United Sued Over Man’s Death
BOSTON (AP) _ A woman is suing United Airlines because its planes lack the medical equipment that she says could have saved her husband’s life when he suffered a heart attack.
``I want to make United accountable,″ Jamie Somes, 39, told the Chicago Tribune. ``They knew before that there was a problem and a need to update their medical kits. I hope they will wake up and take charge.″
Her lawsuit, filed Friday in federal court in Boston, may be the first time an airline has been accused of failing to provide lifesaving medical care in flight.
Tony Molinaro, a spokesman for United, which is based in Elk Grove Village, Ill., said Sunday that the airline is examining ``what the right medical equipment for the aircraft should be.″
He declined to comment on the lawsuit.
Steven Somes, a 37-year-old mutual fund manager on a business trip, was sitting in the first-class cabin of a United flight from Boston to San Francisco in October 1995 when he had the heart attack. He had been given a clean bill of health by a family doctor not long before.
The flight had equipment required by the Federal Aviation Administration, including a blood pressure cuff, a stethoscope and medicine for acute allergic reactions.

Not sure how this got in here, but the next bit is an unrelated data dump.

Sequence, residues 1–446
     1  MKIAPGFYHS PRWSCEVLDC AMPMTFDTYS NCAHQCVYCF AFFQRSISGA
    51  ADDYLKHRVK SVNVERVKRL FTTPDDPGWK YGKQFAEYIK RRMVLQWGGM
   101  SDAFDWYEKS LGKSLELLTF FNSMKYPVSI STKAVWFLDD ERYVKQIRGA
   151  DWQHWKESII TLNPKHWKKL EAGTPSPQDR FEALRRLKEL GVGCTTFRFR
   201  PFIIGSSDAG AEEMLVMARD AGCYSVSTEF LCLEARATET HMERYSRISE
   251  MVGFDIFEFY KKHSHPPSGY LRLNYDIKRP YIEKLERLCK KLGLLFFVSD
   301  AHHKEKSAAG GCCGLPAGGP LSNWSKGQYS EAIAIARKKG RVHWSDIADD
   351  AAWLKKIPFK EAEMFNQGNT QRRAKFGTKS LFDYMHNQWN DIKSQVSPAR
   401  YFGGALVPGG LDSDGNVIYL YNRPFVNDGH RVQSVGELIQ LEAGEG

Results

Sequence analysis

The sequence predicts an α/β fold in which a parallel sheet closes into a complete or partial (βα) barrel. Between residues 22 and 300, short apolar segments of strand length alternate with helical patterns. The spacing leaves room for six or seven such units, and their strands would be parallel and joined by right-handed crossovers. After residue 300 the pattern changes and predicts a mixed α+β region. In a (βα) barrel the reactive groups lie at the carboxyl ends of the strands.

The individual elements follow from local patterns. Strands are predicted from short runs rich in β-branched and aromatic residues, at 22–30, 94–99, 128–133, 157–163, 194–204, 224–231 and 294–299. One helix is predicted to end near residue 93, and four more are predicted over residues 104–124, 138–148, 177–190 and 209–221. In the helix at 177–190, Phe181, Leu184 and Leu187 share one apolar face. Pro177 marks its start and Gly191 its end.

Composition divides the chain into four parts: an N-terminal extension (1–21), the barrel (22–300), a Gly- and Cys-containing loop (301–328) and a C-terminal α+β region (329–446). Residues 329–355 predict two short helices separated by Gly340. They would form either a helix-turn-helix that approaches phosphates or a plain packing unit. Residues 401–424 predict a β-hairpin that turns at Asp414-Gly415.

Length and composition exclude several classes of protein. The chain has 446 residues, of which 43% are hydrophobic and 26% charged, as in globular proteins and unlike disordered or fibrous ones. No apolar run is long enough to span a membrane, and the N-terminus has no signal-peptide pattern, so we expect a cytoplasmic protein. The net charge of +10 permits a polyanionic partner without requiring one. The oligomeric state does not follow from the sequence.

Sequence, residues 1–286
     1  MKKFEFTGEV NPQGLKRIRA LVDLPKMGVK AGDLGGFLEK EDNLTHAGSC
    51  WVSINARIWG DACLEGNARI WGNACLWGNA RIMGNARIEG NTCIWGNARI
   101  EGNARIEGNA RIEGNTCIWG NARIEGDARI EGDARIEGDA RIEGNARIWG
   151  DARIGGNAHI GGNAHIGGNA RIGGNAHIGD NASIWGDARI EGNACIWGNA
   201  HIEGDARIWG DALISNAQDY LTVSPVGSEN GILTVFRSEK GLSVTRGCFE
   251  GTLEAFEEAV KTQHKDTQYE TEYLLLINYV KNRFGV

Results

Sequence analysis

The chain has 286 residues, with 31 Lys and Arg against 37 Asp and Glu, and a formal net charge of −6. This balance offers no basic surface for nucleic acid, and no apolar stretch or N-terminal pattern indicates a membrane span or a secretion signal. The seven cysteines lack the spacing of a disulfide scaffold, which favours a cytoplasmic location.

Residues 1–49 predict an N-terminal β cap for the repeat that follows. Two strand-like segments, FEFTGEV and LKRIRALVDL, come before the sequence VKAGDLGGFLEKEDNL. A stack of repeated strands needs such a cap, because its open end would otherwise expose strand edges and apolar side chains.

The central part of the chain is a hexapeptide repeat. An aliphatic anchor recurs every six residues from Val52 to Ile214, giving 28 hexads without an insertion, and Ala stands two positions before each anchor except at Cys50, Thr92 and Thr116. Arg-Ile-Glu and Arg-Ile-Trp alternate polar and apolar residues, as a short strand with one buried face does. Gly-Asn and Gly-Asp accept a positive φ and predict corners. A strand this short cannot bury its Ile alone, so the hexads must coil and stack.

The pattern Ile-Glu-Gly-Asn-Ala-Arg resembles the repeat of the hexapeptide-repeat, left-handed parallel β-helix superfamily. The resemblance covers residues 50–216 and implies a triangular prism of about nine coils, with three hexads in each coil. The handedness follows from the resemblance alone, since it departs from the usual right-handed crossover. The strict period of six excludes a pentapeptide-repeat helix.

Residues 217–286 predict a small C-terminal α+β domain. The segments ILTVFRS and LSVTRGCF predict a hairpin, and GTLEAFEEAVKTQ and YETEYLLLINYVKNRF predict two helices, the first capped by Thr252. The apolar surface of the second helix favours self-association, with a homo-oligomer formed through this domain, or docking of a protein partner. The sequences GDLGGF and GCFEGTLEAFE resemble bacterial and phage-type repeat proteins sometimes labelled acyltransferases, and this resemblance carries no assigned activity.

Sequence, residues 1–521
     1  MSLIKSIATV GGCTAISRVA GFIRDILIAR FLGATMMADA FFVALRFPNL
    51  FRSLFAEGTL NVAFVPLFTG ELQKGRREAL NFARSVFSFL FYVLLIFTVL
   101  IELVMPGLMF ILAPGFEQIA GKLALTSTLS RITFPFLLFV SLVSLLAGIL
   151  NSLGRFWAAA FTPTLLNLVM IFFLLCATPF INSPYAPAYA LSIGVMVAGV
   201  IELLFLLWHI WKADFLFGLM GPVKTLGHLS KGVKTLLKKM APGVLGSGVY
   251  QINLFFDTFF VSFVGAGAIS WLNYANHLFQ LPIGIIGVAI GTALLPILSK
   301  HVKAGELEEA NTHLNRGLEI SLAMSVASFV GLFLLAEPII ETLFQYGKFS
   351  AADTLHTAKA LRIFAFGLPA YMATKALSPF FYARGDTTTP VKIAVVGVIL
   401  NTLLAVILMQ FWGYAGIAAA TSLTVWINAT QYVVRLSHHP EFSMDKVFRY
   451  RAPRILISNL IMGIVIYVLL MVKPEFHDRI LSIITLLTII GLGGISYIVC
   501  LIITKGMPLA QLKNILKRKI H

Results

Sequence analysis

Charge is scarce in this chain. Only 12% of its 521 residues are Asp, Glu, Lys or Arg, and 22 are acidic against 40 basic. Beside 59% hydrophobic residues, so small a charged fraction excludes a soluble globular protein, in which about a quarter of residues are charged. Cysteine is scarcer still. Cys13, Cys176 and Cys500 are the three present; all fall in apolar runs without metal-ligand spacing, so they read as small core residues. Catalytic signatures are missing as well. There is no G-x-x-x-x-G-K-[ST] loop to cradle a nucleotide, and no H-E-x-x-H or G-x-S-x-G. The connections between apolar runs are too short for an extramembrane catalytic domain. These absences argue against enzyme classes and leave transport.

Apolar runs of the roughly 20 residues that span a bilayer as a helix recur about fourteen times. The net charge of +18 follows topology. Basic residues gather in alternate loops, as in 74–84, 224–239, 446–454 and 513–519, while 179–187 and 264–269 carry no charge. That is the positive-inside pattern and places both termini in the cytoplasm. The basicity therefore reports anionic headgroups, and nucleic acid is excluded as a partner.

The lawsuit contends the plane should have been equipped with a portable defibrillator, which delivers a strong electric shock that can restore a normal heart rhythm during some cases of cardiac arrest.
The lawsuit says ``although the medical emergency kit ... may have complied with certain minimum requirements, it was inadequate to treat a sudden cardiac event such as that suffered by Mr. Somes.″
Somes was in the company of three doctors _ including an expert in critical care medicine _ when he suffered the heart attack.
The expert, Paul Covington of North Carolina, directed a desperate attempt to save Somes’ life. But he has said the plane was missing some of the tools most commonly used by paramedics in cardiac arrest cases.
Two international airlines, Qantas and Virgin Atlantic, have carried defibrillators for several years. Other airlines say they plan to begin carrying the machines soon.